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15 Responses to The risks associated with having another child

  1. Hortencia August 15, 2011 at 3:01 pm #

    I totally agree with this post and your opinion. I am the mother of 3 beautiful children. the oldest without Autism and the younger ones with Autism. The younger two are 15 months apart so by the time I was getting my middle child tested I was already pregnant. By all means having 3 kids was what me and my husband wanted with Autism or without. They both make us learn something new everyday and we love all our kids equally.

  2. Tim September 5, 2011 at 9:55 pm #

    My wife and I struggled with this more out of the fear that we wouldn’t be able to devote enough attention to both our children because of the litany of things we do on a daily basis here. I know numerous families where their autistic child is their last child, regardless of how many children they have, and I understand their decision. We deliberated a long time about whether we could realistically go through the daily therapy schedules with a second child – assuming he was autistic – while still taking care of the schedules of the first.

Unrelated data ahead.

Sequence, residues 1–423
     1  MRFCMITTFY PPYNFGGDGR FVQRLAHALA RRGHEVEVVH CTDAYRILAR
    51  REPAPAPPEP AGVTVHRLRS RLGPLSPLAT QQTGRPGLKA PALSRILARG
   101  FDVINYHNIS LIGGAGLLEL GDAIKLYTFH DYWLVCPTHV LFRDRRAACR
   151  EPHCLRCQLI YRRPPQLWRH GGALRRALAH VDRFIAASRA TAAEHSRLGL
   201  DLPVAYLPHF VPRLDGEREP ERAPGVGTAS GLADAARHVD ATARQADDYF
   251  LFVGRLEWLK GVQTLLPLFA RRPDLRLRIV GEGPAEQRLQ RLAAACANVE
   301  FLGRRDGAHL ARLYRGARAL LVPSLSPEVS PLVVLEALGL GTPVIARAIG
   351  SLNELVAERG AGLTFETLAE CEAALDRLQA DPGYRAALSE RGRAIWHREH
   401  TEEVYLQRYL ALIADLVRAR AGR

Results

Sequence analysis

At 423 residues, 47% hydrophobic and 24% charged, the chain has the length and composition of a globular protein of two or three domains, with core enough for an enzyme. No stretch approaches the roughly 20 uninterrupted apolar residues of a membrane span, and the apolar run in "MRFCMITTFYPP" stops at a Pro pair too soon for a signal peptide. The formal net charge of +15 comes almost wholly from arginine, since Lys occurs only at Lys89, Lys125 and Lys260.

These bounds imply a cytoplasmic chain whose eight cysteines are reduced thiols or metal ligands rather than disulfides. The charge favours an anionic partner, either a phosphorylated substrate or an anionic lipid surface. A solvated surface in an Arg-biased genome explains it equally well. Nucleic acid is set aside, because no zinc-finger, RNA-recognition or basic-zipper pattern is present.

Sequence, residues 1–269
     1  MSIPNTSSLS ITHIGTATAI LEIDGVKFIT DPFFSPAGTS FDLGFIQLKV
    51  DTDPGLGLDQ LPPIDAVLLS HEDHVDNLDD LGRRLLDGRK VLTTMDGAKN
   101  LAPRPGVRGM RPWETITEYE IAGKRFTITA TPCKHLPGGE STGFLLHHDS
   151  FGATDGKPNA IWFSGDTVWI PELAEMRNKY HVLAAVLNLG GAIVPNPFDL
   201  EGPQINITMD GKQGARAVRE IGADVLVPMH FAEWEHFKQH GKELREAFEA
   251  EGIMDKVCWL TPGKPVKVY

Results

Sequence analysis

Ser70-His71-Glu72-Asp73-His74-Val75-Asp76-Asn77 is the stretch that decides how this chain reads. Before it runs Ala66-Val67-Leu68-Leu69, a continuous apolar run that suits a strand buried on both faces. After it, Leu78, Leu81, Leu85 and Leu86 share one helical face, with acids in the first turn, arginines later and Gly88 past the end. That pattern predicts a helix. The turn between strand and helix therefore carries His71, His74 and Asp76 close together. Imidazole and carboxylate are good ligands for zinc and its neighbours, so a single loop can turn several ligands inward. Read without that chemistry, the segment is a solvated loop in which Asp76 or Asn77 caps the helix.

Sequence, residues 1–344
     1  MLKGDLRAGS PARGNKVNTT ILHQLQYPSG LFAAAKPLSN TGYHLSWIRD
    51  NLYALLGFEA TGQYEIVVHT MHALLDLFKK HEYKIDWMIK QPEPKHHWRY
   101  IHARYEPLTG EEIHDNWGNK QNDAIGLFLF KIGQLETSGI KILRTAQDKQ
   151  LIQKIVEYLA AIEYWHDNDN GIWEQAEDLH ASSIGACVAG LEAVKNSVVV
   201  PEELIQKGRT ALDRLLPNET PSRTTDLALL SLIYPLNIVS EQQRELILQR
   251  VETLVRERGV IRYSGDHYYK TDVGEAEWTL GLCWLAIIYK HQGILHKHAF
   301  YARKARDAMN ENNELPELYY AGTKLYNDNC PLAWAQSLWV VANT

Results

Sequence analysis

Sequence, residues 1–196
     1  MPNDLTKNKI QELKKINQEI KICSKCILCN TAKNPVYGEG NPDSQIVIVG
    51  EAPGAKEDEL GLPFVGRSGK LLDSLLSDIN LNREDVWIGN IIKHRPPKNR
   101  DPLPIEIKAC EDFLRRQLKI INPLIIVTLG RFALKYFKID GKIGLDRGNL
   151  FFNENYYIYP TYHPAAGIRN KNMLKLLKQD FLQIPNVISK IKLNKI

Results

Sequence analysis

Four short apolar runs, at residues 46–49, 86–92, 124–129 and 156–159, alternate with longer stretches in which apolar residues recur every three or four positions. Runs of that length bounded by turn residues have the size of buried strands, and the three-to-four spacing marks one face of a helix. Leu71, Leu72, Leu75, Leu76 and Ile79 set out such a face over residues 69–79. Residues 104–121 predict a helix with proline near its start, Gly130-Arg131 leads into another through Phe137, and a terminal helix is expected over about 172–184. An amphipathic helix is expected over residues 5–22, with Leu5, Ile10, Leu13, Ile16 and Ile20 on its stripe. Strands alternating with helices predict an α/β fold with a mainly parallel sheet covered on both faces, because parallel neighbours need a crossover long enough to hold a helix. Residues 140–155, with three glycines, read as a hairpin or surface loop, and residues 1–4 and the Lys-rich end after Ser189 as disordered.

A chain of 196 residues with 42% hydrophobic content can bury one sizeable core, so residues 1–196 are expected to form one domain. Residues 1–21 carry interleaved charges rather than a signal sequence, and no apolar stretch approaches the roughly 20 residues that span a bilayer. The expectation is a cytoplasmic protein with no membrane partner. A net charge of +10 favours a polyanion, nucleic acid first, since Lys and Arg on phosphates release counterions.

The reality is that you can what-if yourself to death. What actually does happen will almost always be something other than what you expected. We got to where we decided that we still wanted a second child (we originally settled on that before we got married), trusted our strength as a couple and as a family, and believed in the capacity of love to grow to meet the needs of those it embraces.